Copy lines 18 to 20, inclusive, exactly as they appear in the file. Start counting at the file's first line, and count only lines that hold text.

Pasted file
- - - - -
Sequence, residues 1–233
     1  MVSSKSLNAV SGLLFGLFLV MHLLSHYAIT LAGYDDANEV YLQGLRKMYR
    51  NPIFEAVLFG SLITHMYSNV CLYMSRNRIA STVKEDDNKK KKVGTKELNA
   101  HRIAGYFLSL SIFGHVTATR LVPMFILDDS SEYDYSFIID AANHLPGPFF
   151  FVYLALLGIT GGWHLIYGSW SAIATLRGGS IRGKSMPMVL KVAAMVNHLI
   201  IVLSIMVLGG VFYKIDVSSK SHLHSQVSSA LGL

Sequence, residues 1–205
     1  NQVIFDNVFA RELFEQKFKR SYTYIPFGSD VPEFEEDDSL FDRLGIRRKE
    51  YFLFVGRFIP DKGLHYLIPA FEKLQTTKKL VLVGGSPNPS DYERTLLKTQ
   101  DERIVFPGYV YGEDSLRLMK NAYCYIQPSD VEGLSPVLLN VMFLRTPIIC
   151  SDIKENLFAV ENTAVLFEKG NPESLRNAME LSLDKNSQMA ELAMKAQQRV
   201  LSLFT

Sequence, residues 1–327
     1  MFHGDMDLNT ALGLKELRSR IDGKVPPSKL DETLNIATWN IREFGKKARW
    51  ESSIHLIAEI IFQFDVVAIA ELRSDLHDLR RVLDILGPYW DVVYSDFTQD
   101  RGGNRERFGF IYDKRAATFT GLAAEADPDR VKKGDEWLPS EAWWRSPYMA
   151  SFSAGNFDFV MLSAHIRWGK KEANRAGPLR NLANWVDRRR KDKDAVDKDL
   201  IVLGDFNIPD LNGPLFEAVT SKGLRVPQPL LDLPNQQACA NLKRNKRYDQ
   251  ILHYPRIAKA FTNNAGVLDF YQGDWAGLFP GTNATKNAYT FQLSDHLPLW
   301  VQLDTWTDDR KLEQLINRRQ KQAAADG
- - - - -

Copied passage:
   201  IVLGDFNIPD LNGPLFEAVT SKGLRVPQPL LDLPNQQACA NLKRNKRYDQ
   251  ILHYPRIAKA FTNNAGVLDF YQGDWAGLFP GTNATKNAYT FQLSDHLPLW
   301  VQLDTWTDDR KLEQLINRRQ KQAAADG